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Glory (1989) is an American war movie that narrates the story of the first all black volunteer infantry in the North, the 54th Massachusetts. The account in this film is told from the point of view of Robert Gould Shaw, who was the commanding officer of this contingent for the duration of the American Civil War. This movie reminds the viewer of the role played by the African American soldiers in the Civil War and in the obliteration of slavery.

This article will explore the movie, bringing out the relationship between the stories as reflected on the film in correlation to the actual occurrences that are documented in history books regarding these same episodes. The article will also tackle other features of the films such as the title, settings, and main characters along with how the movie functions as history.

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The Cast of the movie includes Mathew Broderic who plays the part of Colonel Shaw, Morgan Freeman who plays the grave digger, and Cary Elves who is Major Forbes in this movie, Denzel Washington who plays the character of Trip, and Jimmy Kennedy who plays the field hand’s role.

The other characters are Andre Braugher (Corporal Searless), John Finn (Surgent Mulcahy), Domovan Leitch (Captain Morse), JD Cullum (Henry Russell), Jay Sanders (Brigadier Strong), Cliffe De Young (colonel Montogomery), Alan North (Governer Andrew), and Bob Gunton (General Harker).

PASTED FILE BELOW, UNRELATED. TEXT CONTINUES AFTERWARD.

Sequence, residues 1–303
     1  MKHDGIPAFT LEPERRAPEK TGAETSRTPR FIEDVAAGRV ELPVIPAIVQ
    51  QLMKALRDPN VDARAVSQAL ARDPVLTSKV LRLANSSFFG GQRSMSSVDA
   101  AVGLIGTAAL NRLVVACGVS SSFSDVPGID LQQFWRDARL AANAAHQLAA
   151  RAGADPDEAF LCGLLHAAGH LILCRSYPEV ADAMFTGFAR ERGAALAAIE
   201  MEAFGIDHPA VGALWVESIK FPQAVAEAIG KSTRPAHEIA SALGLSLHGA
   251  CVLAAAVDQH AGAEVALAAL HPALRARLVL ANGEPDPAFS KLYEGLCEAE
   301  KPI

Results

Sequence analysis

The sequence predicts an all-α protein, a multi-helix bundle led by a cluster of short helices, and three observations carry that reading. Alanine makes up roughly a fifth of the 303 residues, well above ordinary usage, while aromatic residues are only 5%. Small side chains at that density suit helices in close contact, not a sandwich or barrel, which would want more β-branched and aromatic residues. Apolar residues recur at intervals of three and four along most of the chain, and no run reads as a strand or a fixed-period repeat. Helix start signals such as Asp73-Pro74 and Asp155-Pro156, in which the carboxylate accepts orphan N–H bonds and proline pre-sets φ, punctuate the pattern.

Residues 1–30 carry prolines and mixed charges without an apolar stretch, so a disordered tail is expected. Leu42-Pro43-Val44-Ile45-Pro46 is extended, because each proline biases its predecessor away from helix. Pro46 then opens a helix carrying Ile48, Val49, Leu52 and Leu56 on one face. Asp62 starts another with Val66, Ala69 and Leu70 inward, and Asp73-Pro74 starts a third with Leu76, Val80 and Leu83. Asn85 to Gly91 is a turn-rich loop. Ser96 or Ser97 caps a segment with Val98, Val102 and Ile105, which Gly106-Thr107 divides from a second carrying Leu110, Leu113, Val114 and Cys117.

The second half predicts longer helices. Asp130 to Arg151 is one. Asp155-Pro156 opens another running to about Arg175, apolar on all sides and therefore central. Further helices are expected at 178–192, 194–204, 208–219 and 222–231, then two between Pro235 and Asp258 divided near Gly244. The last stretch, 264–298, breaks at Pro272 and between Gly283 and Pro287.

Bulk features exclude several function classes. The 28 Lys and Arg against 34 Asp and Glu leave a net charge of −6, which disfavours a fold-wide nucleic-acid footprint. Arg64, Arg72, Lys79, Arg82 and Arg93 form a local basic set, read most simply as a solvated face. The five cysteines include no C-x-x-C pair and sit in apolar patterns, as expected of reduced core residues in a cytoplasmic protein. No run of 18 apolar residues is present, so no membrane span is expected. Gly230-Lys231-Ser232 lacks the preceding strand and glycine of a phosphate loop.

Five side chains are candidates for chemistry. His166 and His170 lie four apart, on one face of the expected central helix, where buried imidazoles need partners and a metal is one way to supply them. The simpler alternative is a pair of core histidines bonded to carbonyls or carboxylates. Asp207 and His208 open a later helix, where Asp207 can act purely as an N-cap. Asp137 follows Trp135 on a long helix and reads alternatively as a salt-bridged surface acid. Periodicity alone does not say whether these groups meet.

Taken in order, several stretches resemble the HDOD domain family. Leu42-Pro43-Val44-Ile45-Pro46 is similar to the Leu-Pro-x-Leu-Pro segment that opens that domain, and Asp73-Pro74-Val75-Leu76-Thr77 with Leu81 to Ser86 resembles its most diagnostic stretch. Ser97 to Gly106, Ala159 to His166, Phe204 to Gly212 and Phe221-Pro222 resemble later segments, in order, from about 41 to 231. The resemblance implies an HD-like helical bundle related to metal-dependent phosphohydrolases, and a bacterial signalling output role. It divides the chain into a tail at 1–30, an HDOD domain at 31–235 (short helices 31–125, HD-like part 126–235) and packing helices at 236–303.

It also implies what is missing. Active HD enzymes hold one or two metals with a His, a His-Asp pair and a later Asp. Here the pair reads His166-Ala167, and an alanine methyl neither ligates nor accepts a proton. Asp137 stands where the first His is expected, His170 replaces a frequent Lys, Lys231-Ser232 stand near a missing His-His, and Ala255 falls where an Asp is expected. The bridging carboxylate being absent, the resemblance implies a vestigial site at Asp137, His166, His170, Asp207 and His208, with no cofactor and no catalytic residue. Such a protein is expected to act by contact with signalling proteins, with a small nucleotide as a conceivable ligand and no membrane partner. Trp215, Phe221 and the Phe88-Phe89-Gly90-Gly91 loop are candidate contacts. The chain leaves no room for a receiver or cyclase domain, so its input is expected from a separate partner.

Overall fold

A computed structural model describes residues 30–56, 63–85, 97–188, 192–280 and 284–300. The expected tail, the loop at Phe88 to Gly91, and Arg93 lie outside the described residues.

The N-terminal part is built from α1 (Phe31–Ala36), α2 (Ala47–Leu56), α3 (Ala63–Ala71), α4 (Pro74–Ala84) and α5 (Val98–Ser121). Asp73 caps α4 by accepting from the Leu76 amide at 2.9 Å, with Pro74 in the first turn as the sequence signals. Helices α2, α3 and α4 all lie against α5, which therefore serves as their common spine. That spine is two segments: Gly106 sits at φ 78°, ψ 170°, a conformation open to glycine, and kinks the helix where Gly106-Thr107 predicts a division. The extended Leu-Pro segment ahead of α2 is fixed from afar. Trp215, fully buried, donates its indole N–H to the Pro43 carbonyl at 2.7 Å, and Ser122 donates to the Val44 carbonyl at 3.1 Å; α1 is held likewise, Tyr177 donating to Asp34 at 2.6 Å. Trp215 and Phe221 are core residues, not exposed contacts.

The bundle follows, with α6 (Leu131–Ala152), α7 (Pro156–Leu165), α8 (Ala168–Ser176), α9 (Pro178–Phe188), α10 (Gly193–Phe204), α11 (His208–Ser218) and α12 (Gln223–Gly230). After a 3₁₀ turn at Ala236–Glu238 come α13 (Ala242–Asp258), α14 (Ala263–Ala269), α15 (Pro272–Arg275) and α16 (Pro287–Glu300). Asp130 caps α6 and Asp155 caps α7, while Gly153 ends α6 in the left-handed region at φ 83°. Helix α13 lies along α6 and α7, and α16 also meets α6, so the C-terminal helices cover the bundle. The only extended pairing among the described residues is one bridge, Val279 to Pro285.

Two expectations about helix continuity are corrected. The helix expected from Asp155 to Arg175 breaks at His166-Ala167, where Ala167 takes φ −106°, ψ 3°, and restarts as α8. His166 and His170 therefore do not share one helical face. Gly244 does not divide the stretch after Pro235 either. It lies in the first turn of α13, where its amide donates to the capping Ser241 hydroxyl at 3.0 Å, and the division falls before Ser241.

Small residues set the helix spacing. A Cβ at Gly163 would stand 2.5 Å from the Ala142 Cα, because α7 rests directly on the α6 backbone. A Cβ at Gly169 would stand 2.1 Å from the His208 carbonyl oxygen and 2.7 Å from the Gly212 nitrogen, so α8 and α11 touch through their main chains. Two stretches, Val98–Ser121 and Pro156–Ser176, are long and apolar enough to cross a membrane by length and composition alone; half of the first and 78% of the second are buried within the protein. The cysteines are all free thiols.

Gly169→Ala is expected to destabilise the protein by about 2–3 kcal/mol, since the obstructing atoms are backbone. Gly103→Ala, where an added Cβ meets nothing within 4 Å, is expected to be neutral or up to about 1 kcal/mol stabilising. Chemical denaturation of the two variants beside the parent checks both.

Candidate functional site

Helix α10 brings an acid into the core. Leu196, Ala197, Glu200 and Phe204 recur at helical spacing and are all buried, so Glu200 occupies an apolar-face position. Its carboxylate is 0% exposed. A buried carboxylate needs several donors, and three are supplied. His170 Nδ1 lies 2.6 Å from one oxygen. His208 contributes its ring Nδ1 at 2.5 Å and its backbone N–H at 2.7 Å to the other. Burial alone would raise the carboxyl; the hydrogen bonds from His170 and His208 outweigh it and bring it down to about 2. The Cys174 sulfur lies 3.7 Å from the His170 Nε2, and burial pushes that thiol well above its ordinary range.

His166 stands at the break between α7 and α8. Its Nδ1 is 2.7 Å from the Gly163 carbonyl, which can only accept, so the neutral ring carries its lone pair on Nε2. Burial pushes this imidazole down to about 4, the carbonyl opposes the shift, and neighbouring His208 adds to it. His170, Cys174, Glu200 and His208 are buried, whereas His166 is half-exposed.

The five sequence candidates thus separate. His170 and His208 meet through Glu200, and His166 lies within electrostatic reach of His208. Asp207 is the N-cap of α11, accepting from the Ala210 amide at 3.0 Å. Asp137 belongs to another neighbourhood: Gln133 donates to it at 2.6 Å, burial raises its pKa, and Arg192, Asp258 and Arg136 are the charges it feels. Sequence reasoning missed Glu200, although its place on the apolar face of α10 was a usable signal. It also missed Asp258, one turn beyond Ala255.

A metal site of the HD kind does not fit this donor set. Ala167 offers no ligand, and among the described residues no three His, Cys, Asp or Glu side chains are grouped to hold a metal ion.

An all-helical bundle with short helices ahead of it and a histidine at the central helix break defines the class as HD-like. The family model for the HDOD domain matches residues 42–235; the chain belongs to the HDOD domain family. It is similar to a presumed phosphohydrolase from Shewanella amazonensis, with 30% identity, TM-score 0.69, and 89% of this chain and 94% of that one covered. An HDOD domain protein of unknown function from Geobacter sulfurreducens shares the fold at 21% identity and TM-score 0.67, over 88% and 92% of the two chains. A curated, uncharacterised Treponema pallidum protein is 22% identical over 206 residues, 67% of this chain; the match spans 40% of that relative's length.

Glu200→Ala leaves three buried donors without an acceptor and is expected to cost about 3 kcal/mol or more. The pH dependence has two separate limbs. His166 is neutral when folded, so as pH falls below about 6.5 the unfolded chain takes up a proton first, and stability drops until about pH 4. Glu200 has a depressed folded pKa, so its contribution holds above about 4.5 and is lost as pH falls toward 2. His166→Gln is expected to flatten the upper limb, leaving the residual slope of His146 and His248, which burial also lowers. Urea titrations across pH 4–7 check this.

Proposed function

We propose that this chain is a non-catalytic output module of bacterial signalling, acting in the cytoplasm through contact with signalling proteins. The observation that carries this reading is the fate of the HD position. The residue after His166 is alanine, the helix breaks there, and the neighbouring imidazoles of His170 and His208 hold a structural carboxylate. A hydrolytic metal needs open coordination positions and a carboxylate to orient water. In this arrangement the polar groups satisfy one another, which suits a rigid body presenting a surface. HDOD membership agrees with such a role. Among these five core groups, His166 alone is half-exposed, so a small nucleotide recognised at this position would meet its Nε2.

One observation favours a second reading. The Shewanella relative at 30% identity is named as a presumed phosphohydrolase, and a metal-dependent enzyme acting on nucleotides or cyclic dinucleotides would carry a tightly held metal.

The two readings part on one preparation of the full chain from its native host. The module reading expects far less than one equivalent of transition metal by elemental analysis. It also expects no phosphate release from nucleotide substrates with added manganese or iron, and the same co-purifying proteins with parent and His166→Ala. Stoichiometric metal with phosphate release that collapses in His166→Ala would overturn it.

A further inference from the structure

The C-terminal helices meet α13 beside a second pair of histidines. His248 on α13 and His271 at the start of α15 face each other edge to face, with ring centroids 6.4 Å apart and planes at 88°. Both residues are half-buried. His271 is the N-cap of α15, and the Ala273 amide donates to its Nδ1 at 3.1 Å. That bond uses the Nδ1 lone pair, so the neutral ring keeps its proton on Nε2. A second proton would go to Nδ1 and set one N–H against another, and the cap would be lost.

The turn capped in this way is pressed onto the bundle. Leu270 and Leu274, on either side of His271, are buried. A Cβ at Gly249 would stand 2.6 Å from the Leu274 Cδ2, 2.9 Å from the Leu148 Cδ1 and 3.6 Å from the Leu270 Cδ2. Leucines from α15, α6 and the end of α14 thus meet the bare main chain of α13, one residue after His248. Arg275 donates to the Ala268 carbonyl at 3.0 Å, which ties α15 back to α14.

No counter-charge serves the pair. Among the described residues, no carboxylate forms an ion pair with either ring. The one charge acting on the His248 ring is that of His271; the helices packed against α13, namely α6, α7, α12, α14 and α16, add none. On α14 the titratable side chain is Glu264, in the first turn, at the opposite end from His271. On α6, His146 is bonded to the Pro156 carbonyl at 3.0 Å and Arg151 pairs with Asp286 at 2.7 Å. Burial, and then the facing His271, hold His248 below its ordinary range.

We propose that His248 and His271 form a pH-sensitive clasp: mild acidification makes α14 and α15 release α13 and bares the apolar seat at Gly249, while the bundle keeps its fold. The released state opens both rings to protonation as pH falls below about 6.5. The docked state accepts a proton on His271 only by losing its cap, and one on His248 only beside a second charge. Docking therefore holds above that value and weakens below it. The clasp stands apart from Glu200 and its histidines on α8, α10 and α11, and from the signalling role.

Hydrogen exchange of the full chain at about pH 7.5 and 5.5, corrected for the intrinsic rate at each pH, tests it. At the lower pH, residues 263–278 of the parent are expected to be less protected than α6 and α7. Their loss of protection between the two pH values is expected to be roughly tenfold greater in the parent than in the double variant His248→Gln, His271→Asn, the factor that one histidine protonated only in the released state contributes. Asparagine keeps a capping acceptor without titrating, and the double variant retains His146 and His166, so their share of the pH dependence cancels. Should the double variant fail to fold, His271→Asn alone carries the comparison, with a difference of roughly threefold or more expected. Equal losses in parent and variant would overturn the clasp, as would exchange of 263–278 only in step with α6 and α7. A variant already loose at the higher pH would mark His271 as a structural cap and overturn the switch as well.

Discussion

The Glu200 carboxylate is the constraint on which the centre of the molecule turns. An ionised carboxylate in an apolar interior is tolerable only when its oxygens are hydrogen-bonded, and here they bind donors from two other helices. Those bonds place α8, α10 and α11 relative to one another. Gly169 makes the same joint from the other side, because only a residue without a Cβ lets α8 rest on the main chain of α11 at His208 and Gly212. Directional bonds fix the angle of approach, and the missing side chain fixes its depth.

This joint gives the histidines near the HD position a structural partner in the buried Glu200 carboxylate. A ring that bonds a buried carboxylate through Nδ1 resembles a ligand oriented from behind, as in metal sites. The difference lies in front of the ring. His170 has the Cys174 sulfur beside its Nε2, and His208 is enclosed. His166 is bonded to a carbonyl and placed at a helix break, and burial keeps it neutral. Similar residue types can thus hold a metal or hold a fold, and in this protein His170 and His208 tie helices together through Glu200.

The movie is filmed in Georgia and Florida and is facilitated by hundreds of Civil War historical re-enactors so as to bring out the historical background of the Civil War. The early scenes of the movie reveal Captain Shaw, who is portrayed as being dismayed and bewildered by the violence of the battleground.

The captain is then shown to be slightly wounded in combat and faints due to his injuries. A character christened as the gravedigger wakes him up and he is taken for treatment. While getting treatment, Captain Shaw is informed that President Abraham Lincoln is about to make an announcement that will see the setting free of some of the slaves held in rebel areas.

As the movie develops, Shaw is promoted to the rank of a colonel while he is on leave in Boston and given the responsibility of leading the first all blacks regiment, which was to be formed following Abraham Lincoln’s declaration speech. As the leader of his regiment, Colonel Shaw requests his friend from childhood, Cabot Forbes, to deputize him.

Other volunteers, who are mostly freed black men, offer to join Colonel Shaw’s regiment. In those days, whites enjoyed more privileges compared to blacks and this is well depicted in the movie by the tension that arises between Trip and Thomas. They however resolve their differences and become closer friends.

While at the camp, the 54th regiment undergoes a lot of difficulties due to the discrimination of their group. They are compelled to tolerate the unfaltering strict punishment of Sergeant Major Mulcahy.